The second great grace we might be given is the ability to enter into relationships with these special persons in the story of our salvation. It would be a special grace if our aloneness at Christmas could allow us to come closer to Mary. Mary is both the mother of our Savior and the first disciple. In those roles, she is always our first Intercessor. It can be a very rich time of prayer to simply talk with Mary - telling her our situation, describing our situation, and then listening to her tell us the story, her story and ours. Somehow, as she tells us about her surrender to God's will, about the anxiety and trust of that night, about the poverty of the stable and they joy in her heart at how her son brought such joy to the shepherds, we can be filled with consolation. The mystery of God's redeeming mercy and love which was born in that stable that night can be born in our stable.
It can be very powerful to turn to Mary and simply ask her to intercede for us, for our loved ones, and for our world. In our solitude, we can become great instruments of God's grace for others - transforming our aloneness into a powerful ministry of love and mercy.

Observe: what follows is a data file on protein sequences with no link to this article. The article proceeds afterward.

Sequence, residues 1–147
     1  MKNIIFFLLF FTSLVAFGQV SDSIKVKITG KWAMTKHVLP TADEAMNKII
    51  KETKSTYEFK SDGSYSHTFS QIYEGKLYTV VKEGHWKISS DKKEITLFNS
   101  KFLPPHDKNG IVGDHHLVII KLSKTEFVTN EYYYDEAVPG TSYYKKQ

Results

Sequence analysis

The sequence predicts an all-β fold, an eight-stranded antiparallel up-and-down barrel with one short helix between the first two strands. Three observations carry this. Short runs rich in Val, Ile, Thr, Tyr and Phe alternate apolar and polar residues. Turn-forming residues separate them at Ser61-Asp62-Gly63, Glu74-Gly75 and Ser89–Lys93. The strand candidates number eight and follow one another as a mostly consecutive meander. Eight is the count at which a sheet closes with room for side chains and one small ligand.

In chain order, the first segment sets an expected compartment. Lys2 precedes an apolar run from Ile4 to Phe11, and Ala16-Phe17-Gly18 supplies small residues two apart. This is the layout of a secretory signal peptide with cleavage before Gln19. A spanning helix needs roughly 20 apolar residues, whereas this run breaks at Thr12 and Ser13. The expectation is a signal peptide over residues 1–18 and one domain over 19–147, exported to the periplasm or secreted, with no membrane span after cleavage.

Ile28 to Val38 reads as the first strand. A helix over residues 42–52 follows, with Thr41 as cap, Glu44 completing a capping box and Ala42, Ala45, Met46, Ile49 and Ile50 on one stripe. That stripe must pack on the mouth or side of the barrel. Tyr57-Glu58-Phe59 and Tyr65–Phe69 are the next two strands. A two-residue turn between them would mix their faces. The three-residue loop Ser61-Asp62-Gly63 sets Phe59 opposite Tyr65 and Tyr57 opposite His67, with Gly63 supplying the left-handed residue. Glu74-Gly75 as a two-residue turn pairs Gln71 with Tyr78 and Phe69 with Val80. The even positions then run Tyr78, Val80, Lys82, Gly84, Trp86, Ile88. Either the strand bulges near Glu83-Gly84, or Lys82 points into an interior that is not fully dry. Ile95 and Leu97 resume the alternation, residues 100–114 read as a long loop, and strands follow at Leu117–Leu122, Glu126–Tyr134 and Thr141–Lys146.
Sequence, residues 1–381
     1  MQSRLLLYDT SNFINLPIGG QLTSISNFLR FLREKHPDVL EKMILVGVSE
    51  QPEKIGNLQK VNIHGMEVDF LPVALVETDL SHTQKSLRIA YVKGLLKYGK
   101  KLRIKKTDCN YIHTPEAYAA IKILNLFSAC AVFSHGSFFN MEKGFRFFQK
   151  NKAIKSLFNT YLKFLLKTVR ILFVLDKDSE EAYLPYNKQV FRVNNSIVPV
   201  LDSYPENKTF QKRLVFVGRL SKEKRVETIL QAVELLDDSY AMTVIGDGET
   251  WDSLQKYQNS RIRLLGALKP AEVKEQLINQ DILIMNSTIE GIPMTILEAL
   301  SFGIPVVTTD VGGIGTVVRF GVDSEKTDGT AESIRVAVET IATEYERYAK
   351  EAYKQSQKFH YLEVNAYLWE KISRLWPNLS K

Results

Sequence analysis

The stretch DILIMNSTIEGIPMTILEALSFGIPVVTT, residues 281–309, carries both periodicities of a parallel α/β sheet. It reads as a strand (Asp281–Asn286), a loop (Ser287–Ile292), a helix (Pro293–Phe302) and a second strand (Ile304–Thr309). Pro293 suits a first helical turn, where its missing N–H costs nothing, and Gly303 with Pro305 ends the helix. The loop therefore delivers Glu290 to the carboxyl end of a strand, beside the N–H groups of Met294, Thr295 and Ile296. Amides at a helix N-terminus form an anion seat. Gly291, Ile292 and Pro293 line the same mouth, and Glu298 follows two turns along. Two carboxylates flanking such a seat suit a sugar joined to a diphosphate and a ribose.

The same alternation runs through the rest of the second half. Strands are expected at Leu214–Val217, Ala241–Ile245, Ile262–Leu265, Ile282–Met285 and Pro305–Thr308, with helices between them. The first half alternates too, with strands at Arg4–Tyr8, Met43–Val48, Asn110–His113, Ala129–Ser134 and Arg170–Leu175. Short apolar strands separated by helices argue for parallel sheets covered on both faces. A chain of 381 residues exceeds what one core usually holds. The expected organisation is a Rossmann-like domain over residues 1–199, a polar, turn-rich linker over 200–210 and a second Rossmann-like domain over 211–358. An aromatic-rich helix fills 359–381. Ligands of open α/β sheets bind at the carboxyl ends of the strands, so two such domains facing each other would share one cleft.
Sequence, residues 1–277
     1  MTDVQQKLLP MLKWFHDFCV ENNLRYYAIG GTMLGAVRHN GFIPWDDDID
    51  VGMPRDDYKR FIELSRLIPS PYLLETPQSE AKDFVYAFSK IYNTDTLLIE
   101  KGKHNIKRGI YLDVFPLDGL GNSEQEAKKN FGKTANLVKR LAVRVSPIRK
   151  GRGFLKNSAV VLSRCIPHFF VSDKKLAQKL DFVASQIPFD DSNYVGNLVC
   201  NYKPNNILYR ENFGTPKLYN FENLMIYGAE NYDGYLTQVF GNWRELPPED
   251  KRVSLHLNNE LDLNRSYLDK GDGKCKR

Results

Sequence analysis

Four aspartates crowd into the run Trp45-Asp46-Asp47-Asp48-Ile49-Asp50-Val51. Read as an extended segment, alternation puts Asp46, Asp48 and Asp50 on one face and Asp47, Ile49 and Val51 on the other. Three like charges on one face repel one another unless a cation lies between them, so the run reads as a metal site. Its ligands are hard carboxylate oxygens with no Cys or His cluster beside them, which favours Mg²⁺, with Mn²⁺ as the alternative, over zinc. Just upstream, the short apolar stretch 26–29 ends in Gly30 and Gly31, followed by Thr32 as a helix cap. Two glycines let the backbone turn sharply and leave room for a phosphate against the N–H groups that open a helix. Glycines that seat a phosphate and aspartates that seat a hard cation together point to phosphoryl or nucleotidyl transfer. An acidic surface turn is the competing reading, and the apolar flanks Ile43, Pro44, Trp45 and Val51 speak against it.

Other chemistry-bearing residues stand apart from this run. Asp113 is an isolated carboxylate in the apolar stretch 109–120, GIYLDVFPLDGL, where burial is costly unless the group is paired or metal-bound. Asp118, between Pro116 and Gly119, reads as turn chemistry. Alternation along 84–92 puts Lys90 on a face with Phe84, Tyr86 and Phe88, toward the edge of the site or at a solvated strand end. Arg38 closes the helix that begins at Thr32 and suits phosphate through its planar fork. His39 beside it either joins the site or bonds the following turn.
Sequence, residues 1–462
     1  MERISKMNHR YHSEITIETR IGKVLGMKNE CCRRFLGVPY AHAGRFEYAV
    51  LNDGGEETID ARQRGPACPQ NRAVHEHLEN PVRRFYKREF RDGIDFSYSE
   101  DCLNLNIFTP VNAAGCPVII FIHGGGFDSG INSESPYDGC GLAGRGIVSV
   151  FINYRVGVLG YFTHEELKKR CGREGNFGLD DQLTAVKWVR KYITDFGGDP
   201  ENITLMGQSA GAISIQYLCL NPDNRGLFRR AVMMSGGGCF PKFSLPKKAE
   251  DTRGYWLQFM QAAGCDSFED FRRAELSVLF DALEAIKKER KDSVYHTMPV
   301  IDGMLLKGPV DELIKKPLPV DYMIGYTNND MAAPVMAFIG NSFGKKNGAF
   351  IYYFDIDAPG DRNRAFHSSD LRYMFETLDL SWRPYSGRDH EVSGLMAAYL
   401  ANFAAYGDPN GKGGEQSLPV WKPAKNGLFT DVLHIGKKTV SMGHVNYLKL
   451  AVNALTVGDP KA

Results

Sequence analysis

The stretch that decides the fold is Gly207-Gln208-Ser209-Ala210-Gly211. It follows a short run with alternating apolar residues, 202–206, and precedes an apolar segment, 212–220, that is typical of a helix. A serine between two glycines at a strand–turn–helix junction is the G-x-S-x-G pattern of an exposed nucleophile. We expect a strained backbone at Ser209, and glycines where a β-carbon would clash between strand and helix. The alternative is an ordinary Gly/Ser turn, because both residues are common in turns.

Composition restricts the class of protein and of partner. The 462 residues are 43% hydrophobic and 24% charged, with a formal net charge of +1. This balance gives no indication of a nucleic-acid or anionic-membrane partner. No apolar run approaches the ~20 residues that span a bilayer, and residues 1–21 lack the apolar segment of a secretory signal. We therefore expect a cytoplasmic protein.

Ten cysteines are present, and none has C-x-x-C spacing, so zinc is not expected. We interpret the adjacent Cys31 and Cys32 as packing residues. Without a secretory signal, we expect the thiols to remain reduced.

We get our word "manger" from the Latin (and so French, Italian, Spanish) root, which means simply "to eat." Jesus comes, into the greatest place of our poverty, not only to be "with us" but to nourish us. The manger can be the place we go this Christmas to be fed with the acceptance, love, and peace we need. There is no place of darkness in which we need ever feel alone. There is no situation, no loss, no tragedy that need ever leave us empty. There is no sin, no matter how selfish that will ever leave us apart from God's love.
Perhaps the greatest grace of our aloneness will be the gift of grateful surrender. Sometimes, our aloneness gets filled with resentment, self-pity and anger. We can become upset about everyone and everything. These emotions can be like a cancer that eats away at us and wipes out any chance of peace and joy entering our hearts. When these emotions dominate our hearts, our whole being is tight and closed. Our hands symbolize the emotions within us: holding on to everything tightly, shaking a finger at others, pounding the table as we refuse to accept this or that, perhaps throwing things down, slamming doors, maybe even wanting to slap someone.